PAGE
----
His grandfather, Bob Boone, was an All-Star catcher and is a familiar sight around Nationals Park as a member of the Nationals’ front office as a senior advisor to general manager Mike Rizzo.
But the first memories of the big leagues for Jake Boone, 21, have nothing to do with a Major League stadium.
“I would say the first thing I can remember was Spring Training when I was maybe five years old, going to Spring Training games in Arizona,” Boone told Federal Baseball in an exclusive recent interview.
Boone turned five on March 23, 2004 – the spring his father was getting ready for another season with the Mariners.
Bret Boone broke in with the Mariners in 1992, went to the Reds in 1994 and then returned to Seattle for the 2001 season.
Jake Boone and his family were good friends with the family of former Seattle lefty pitcher Jamie Moyer, who was with the Mariners from 1996-2006, and former closer Trevor Hoffman, who pitched for the hometown Padres (based in Arizona for Spring Training) from 1993 to 2008. “We would go to the games together and watch our dads,” Boone said.
Now Jake Boone is trying to make a name for himself – and be part of the first four-generation family in the majors.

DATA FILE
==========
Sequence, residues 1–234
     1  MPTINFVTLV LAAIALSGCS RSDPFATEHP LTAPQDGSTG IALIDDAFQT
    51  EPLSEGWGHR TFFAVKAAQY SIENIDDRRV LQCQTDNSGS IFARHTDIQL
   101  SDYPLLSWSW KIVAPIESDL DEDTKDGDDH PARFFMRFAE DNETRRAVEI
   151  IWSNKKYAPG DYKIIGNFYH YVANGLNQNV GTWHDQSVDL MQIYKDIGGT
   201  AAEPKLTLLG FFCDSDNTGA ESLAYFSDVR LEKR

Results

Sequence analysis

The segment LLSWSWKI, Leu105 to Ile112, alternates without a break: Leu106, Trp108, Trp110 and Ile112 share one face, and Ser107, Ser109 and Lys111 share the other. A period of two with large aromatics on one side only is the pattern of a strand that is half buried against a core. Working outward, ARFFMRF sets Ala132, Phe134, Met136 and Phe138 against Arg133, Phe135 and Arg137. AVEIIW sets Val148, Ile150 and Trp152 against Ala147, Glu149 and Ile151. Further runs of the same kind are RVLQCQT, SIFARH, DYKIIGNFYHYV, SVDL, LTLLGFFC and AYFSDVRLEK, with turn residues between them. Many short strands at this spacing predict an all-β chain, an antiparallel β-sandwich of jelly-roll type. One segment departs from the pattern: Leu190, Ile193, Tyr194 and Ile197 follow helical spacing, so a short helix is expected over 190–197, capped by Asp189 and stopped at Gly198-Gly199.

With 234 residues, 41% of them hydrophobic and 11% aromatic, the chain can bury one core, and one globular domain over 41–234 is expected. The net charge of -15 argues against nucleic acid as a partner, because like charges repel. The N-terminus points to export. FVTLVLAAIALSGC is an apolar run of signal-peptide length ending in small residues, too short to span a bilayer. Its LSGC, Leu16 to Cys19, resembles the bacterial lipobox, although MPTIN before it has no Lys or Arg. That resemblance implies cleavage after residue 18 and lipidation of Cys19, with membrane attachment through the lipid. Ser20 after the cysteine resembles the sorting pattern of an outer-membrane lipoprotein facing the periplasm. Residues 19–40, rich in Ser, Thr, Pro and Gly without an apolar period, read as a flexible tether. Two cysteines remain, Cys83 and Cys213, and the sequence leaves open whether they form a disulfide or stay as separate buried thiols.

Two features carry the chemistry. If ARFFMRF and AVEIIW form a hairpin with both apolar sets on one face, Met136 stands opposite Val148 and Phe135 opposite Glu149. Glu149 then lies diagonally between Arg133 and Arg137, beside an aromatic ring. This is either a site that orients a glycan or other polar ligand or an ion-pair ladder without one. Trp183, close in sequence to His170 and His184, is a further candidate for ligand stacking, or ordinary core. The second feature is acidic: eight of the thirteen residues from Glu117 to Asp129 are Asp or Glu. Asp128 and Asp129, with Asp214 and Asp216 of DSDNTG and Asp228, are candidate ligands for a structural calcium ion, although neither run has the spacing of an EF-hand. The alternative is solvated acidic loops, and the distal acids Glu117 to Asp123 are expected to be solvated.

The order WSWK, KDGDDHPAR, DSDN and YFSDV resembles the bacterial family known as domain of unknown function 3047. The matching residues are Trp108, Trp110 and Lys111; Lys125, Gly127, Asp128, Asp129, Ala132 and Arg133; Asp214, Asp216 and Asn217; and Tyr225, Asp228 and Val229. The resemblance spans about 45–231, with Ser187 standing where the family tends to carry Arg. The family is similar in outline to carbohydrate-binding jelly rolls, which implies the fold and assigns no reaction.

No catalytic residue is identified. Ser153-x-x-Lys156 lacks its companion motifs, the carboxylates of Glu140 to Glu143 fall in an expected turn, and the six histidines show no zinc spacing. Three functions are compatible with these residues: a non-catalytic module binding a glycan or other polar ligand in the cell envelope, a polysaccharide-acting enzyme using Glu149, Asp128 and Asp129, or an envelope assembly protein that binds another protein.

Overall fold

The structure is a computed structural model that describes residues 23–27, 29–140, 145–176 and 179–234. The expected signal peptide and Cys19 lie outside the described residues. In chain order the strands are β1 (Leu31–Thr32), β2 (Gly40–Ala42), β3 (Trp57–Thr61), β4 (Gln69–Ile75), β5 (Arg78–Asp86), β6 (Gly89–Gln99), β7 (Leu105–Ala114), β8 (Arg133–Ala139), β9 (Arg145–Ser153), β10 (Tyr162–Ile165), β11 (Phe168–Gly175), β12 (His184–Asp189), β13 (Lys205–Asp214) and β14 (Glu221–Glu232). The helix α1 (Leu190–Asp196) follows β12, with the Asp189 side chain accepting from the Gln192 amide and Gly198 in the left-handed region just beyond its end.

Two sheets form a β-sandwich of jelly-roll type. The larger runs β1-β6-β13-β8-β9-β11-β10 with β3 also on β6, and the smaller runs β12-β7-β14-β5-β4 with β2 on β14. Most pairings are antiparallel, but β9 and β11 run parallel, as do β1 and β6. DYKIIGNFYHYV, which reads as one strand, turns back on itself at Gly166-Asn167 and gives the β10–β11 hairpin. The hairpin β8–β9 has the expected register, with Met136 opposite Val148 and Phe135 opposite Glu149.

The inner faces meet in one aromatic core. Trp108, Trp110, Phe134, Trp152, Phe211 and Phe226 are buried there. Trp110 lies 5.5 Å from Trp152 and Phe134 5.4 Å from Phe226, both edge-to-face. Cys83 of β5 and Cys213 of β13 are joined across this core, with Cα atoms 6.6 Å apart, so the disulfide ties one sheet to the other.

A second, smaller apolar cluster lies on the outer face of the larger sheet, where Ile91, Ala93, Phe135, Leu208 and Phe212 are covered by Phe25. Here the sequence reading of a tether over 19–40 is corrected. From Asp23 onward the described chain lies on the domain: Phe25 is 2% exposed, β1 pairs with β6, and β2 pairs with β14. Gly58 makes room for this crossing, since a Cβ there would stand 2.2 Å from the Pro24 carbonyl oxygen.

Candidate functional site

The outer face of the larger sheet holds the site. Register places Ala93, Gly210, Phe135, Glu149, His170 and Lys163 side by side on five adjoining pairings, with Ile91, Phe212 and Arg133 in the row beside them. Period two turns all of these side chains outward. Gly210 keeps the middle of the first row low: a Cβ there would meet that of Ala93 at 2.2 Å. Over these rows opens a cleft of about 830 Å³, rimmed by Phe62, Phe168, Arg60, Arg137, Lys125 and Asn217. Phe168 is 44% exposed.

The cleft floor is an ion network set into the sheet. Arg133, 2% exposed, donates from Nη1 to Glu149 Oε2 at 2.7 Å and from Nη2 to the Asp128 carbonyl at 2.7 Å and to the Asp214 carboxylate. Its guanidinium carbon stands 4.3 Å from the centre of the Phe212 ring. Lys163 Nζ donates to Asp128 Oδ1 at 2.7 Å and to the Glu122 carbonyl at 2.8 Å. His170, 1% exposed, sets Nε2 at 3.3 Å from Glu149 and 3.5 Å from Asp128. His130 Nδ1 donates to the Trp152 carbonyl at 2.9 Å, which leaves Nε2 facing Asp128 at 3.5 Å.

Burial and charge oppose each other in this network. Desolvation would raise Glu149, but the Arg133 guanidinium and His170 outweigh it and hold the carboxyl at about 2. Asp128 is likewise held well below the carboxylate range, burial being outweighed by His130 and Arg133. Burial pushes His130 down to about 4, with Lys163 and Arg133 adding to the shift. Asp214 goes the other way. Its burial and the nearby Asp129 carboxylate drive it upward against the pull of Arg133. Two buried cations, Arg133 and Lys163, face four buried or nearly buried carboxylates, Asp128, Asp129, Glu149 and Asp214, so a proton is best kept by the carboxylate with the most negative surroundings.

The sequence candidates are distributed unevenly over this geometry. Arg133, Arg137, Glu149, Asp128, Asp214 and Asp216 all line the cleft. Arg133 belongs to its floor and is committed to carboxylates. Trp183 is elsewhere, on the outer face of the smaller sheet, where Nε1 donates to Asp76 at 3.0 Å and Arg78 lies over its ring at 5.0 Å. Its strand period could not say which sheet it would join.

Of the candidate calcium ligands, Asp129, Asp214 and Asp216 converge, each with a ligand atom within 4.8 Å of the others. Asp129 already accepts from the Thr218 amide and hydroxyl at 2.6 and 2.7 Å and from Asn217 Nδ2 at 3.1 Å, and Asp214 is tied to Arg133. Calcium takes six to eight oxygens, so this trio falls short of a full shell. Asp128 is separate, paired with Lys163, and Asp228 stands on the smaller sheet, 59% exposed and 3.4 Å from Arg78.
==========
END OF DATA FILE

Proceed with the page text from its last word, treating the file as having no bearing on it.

“I get asked that all of the time – do I feel pressure to be this fourth-generation big leaguer? Honestly, I don’t feel the pressure. When I hear something like that I feel it’s just an amazing opportunity I have,” Jake Boone said.
He signed this summer with the Nationals as a non-drafted free agent, turning down a chance to play his fourth and final year for Division I Princeton of the Ivy League. He was drafted by the Nationals in the 28th round in 2017 after his senior year of high school but decided to attend Princeton.
His grandfather, Ray, was born in San Diego, went to Herbert Hoover High there and played in the majors from 1948-60. Ray Boone passed away in San Diego in 2004 at the age of 81.
Bob Boone, who also was born in San Diego, played in college at Southern California and then in the Major Leagues from 1972-90.
For good measure his uncle, Aaron, went to USC and played in the majors from 1997 to 2009 as an infielder – including 2008 with the Nationals.
He is now the manager of the New York Yankees, who opened the past season at Nationals Park.
All together, the Boone family has won two World Series titles, 11 Gold Glove awards, and made 10 All-Star appearances.
But that doesn’t bother Jake Boone, who was born in Orlando then was eight when the family moved from Seattle to San Diego after his father retired from playing.
“When I hear something like that, I feel it’s just an amazing opportunity I have. With what my family has already done and the challenge that has been presented to me, to be that fourth, it is not pressure. It is more exciting for me to have that chance,” he said after taking part in Instructional League this fall.
The infield prospect got his first introduction to pro ball as he was part of Instructional League that wrapped up last week in West Palm Beach, Florida.